Canadian Natural Resources Limited (TSX:CNQ)(NYSE:CNQ) is seen by most investors as the premier large producer, and the share performance is a testament to this — out of 41 Canadian oil names, Canadian Natural is the third best-performing name over the past three months.
The past three months have seen a massive sell-off in Canadian oil stocks with around of a quarter of Canadian names down over 25%. The three-month period has also seen oil prices plunge below US$50 once again. Despite nearly every headwind possible for the sector (falling prices, fears of a border adjustment tax, rotation out of Canadian oil stocks to stronger-performing sectors), Canadian Natural is one of the few names to break even in terms of price performance during the period.
There are many signs that that the worst is now over for Canadian oil stocks, and Canadian Natural is poised to ride changing sentiment and improving oil prices.
CNQ’s recent acquisition will boost production to over one million bpd
Part of the reason Canadian Natural shares have outperformed as of late is due to the company’s $12.7 billion acquisition of a 70% in Shell and Marathon’s Albian Oil Sands assets. This acquisition is being widely applauded by analysts, not only for the massive discount paid, but also for the excellent strategic fit.
Canadian Natural will be receiving interest in two oil sands mines as well as an upgrader; these two mines will contribute an additional 218,000 bpd of production, which will push Canadian Natural’s total production to over one million bpd in 2017. The presence of an upgrader is also valuable since it largely produces synthetic crude oil, which is sold at a large premium to the heavy blended oil that oil sands assets would typically produce.
Canadian Natural was also able to purchase these assets at a major discount, which means that the acquisition will add about 17% to Canadian Natural’s 2018 cash flow, assuming $60 oil. The assets were estimated to cost about $20 billion, and Canadian Natural purchased them for only $12.7 billion. This worked out to about $58,000 per barrel per day of production, which is a 40% discount to what Canadian Natural paid for its Horizon mine.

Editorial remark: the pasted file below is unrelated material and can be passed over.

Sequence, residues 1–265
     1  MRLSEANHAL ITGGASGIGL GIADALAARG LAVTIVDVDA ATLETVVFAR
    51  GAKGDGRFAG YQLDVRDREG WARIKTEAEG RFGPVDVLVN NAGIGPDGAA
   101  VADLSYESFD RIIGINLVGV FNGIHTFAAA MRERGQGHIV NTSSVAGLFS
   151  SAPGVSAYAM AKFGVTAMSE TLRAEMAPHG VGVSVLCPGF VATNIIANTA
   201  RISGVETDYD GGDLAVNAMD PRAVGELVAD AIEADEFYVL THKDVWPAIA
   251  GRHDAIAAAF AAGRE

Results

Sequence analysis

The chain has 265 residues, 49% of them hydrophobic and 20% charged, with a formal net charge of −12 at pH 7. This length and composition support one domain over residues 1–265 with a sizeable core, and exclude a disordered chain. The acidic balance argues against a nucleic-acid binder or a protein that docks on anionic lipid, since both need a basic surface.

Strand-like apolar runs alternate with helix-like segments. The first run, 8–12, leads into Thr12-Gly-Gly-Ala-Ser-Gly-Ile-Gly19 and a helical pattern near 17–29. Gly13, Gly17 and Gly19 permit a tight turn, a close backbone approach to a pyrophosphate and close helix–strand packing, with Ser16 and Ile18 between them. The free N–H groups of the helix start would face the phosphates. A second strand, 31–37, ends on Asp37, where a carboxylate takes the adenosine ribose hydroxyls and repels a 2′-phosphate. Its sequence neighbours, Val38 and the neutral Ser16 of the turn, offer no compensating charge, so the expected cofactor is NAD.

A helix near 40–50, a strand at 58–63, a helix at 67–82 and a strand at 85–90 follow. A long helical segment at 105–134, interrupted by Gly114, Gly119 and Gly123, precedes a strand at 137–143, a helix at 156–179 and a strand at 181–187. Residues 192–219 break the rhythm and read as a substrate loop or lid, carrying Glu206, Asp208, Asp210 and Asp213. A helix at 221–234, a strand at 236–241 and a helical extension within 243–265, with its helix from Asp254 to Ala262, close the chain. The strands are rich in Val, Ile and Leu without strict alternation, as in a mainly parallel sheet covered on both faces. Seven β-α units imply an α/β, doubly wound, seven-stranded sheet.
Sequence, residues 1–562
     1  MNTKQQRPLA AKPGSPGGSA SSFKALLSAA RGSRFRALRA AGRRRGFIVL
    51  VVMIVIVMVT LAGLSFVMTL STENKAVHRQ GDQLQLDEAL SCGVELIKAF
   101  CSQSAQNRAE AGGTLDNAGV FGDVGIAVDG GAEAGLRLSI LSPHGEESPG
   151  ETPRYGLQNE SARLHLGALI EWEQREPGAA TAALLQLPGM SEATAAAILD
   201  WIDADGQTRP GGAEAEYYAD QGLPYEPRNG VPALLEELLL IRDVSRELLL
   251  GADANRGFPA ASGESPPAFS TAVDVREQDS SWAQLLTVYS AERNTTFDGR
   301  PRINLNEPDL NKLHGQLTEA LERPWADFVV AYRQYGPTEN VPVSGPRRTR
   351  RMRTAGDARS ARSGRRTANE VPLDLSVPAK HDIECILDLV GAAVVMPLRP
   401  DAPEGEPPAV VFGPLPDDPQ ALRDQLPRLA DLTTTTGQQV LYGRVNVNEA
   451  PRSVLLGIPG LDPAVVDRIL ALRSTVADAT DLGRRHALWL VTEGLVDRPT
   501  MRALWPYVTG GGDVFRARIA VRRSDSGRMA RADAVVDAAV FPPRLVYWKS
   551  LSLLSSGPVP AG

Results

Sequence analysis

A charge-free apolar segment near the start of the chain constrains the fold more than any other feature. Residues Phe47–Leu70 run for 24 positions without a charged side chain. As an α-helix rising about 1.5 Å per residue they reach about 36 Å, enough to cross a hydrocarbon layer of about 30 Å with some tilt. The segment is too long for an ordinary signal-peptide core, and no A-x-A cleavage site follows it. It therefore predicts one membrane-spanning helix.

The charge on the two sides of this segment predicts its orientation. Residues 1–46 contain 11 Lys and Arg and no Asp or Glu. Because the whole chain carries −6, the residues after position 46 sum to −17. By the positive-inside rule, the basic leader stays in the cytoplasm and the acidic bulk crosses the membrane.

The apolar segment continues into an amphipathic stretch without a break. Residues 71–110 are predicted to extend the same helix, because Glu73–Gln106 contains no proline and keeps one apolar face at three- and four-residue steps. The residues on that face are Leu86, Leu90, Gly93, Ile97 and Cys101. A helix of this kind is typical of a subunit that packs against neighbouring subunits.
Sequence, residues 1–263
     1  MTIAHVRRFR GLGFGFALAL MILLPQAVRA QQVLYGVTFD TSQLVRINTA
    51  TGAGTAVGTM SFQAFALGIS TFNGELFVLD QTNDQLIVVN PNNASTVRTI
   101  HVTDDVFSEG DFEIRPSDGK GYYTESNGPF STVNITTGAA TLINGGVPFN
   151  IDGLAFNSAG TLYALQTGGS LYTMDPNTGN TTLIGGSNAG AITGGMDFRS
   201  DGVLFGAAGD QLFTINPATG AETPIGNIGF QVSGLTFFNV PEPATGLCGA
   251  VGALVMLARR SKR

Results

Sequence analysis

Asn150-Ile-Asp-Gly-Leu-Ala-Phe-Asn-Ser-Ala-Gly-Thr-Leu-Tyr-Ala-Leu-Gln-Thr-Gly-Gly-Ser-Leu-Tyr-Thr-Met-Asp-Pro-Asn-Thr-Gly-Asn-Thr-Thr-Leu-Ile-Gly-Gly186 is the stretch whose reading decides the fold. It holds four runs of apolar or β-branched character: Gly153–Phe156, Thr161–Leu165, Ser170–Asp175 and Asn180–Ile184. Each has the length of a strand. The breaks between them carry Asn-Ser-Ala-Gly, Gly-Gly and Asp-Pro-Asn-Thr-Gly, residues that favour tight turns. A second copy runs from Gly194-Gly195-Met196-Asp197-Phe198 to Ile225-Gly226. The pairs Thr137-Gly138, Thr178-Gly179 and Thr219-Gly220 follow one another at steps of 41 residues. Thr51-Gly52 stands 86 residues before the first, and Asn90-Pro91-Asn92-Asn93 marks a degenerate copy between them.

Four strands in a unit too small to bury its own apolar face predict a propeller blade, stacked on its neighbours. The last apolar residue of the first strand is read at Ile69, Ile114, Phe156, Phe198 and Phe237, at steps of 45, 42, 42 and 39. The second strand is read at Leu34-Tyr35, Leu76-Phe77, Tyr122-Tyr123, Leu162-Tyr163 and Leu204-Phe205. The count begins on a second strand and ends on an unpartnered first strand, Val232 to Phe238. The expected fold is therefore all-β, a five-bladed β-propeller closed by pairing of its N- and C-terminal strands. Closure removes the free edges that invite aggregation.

This discount was obtained because that many U.S. corporations are looking to exit the oil sands. Canadian Natural, however, will acquire assets that see no production declines for 40 years and have significant synergies with its other oil sands assets. This means less sustaining capital expenditures for more production, which means more free cash flow.
An expanding free cash flow will allow Canadian Natural to de-leverage, pay dividends, buy back shares, and grow production further, and as oil prices rise Canadian Natural will see its free cash flow grow from $500 million in 2016 to over $5 billion in 2018 with $60 oil.
Sentiment around heavy oil and Canadian producers will improve
While Canadian Natural is now expanding solid production growth (800,000 bpd in 2016 to 1.2 million bpd in 2020) and expanding free cash flow, investors are still fairly negative on Canadian oil producers and Canadian heavy oil producers in general.
Canadian Natural sees about 32% of its production sold as heavy oil, and U.S. investors see Canadian heavy oil prices plunging if the Trump Administration implements a border adjustment tax. It is important to note, however, that U.S. refiners need Canadian heavy oil, since the U.S. only produces 400,000 bpd of heavy oil. In other words, border tax or not, Canadian imports of heavy oil to the United States will continue.
Once uncertainty over a border tax lessens, U.S. investors should continue to gain interest in Canadian Natural once again.
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Fool contributor Adam Mancini has no position in any stocks mentioned.